Guest Profile

Jim Freese

Jim Freese grew up above Thornton Creek, a stream in North Seattle that originates in what is now a parking lot adjacent to Northgate Mall, the first mall built in the United States. Jim lived in one of 6 houses aside a large forest above the creek. He and his mother spent their long summer days hiking through the forest, around the swamps and through the meadows: catching fish, discovering bird nests and collecting an occasional pollywog.

Between Jim's 10th and 12th years the entire forest was logged and replaced with roads and houses, Thornton Creek was polluted and its headwaters were buried in asphalt. The small swamps were drained and filled in, one by one the familiar meadows turned into lawns and driveways, pathways were bulldozed and fenced and slopes to the creek were terraced with rockery and speckled with "No Trespassing" signs. Jim experienced incomprehensible loss. His attempt to understand this loss became a fundamental factor in his life.

Dropping out of college, Jim flipped hamburgers until he was accepted in an apprenticeship program with the International Brotherhood of Electrical Workers.

The Vietnam War was raging during Jim's apprenticeship and, with the loss of a personal friend; Jim began to question the basis for that war. He, like many, agitated for change and experienced a sense of accomplishment, though bitter, when collective demands for policy change led to an end of the war.

At thirty Jim married his wife Carolyn and, with two stepsons, laid down his wandering and focused all of his efforts toward work, household and the new mortgage payments. His wanderlust was sated somewhat by hikes, climbs and fly fishing outings. He became "the neighbor" the "father" the "husband." This routine lasted until his two stepsons were out of school. Then in 1984 Jim's employment future was impacted by the double effects of union busting and a construction market crash and a new door opened on Jim and Carolyn's life.

Within two years Jim and Carolyn were back in Bothell Washington and Jim was offered a job working for Local 46 as the first dedicated Organizer the union had in 30 years. Dramatic years lay ahead. Less than 4 months after taking the job a union meeting of record size 600 voted 70% yes to fund Jim's organizing proposal at 1.5 M a year.

As intense as all of this was, Jim also returned to school to get a degree in Labor Studies from the National Labor College in Silver Springs Maryland and served the office of President of the union as well as Organizer.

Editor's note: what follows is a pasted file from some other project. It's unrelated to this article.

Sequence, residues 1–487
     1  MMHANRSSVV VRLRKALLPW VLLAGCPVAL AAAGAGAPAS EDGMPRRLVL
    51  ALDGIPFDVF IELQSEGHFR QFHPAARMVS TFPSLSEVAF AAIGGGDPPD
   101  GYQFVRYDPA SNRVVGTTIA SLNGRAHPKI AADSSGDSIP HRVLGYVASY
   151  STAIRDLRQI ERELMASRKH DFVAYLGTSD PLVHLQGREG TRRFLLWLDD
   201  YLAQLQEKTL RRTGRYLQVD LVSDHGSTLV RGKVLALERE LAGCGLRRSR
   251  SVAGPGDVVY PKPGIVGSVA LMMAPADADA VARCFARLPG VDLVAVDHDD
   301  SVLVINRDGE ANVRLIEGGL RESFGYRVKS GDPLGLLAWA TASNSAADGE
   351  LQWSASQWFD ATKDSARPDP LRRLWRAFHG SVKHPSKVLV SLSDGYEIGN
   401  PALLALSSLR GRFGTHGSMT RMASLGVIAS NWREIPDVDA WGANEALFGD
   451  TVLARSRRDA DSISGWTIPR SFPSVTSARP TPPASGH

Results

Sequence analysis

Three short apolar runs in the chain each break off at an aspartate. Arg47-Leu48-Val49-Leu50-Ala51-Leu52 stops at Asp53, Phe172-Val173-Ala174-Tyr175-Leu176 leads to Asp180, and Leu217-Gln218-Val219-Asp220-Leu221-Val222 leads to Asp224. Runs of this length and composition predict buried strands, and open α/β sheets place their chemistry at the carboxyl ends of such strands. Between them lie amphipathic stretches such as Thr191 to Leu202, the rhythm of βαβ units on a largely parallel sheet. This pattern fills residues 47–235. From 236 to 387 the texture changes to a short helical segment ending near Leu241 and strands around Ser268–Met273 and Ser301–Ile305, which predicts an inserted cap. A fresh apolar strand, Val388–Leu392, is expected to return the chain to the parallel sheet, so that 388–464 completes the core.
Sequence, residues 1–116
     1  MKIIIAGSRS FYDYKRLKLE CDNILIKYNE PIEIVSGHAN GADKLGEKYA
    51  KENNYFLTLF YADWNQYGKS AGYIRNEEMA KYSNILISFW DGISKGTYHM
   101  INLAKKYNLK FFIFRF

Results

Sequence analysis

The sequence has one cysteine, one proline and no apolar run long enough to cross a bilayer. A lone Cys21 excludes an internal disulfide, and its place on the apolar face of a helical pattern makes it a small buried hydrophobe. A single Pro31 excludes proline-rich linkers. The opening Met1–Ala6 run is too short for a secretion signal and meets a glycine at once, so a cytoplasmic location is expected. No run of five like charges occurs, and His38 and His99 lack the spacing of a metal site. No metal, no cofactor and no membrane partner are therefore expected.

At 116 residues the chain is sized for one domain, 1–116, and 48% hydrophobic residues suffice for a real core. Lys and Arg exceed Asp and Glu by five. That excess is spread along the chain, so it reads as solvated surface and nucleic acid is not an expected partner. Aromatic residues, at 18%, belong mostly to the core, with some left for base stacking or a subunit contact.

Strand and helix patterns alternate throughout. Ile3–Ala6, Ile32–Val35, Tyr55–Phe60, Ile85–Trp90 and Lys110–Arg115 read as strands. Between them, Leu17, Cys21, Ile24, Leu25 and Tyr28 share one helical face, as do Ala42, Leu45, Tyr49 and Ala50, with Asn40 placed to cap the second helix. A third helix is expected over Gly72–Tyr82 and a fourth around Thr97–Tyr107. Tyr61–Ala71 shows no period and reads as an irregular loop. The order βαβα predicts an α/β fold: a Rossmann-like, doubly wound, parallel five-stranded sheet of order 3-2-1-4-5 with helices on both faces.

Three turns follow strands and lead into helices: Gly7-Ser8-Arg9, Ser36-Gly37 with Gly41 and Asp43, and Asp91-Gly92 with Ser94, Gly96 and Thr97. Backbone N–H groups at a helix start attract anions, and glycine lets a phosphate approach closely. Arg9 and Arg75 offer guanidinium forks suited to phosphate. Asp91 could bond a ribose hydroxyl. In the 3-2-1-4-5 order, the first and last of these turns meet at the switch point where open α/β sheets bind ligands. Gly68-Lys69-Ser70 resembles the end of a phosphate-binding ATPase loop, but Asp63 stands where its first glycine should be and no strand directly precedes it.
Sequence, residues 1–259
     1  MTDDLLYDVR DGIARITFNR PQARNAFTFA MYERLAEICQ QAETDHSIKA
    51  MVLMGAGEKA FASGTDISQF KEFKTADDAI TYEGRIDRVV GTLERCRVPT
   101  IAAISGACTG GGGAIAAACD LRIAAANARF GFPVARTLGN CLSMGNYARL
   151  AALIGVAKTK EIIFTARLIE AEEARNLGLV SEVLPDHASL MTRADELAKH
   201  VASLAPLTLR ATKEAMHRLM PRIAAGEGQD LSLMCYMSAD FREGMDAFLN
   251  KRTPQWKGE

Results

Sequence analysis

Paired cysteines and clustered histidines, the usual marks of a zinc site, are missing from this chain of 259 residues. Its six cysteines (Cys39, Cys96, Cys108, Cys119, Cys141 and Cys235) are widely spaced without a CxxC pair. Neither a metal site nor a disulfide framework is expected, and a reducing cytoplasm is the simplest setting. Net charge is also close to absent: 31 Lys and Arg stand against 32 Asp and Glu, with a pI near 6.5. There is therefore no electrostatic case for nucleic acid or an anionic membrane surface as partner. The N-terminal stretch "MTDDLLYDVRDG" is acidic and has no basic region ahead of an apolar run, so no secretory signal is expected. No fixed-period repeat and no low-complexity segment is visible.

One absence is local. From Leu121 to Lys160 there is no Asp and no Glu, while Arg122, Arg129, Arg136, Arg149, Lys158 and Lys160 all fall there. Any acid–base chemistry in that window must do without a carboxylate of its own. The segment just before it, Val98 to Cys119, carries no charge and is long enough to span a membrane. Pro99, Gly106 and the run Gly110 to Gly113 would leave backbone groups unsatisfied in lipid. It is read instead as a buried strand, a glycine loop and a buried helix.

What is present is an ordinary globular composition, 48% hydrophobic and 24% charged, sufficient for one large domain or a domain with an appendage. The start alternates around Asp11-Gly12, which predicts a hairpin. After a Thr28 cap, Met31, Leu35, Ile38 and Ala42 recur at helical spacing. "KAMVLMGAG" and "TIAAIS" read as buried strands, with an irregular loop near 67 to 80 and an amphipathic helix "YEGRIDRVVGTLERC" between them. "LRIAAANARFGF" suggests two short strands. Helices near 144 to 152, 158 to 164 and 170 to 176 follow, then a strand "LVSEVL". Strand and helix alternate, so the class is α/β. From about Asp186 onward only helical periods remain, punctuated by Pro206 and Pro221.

Jim's organizing at local 46 lasted through the terms of 5 administrations followed by an organizing stint with the National and Local Building Trades Councils. He had a longing to return to construction and a simpler life and managed to do so in the last year before he retired at 55.

The retired time lasted for seven years. Jim and Carolyn remodeled their house doing 90% of the work themselves. Jim took up writing, painting and woodworking for hobbies to go along with fly fishing, hiking and bicycling. Then came the forest....

Their neighborhood in Bothell Washington was at a stalemate over the conservation of a 64-acre forest known as The Boy Scout Property. They had fought to first stop logging and development and later to actually purchase the land but, after 10 years of effort, no land had been saved. Someone said, "Jim, you know about campaigns. Why don't you help?"

So...Jim, Carolyn, other neighbors and a Board of Directors, with stellar talents, rebranded the forest to become North Creek Forest instead of "The Boy Scout Assemblage", designed a campaign to include everyone's interest, and saved more than half of the forest within six months of their first meeting.

Today FNCF faces three challenges:

The first is to raise enough money to save the rest of the forest before spiraling land inflation takes it out of their reach. They have about 12 months. Remaining landowners believe they can wait that long then they will have to start building. They do not want to miss out on this housing cycle.

Second, volunteer stewardship hours tripled to 2000 hours last year and are expected to increase to 3000 hours this year. A Stewardship Committee is challenged to keep up.

Third, FNCF began education work by recruiting a few interns. Now whole classes are asking for opportunities to bring classrooms out for lessons in plant identification, forest succession, biology, hydrology, etc. The University of Washington, in particular, is very active and requires a lot of support.